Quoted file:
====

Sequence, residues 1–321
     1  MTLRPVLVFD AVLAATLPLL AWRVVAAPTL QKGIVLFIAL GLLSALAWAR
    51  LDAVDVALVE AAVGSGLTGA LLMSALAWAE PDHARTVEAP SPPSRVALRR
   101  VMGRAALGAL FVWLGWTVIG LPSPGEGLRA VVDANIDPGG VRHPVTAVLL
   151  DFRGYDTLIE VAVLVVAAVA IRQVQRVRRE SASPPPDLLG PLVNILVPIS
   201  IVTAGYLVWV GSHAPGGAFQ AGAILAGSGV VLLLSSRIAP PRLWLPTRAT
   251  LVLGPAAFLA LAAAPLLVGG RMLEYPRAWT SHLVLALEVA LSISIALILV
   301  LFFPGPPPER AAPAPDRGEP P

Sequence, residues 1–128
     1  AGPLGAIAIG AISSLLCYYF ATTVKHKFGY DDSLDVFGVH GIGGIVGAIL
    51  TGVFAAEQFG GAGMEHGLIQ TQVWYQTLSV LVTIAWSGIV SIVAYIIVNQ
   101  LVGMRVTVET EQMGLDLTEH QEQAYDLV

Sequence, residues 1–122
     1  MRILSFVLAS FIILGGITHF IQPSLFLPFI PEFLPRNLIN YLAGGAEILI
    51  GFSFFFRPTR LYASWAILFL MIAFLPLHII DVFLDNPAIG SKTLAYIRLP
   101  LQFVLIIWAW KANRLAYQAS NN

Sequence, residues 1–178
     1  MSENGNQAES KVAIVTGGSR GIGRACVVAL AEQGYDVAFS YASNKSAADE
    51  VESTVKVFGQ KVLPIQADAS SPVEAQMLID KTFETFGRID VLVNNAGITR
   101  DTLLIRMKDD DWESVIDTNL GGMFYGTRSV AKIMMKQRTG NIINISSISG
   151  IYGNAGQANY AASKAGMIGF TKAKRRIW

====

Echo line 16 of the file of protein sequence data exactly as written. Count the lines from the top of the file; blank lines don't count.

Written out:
   101  LQFVLIIWAW KANRLAYQAS NN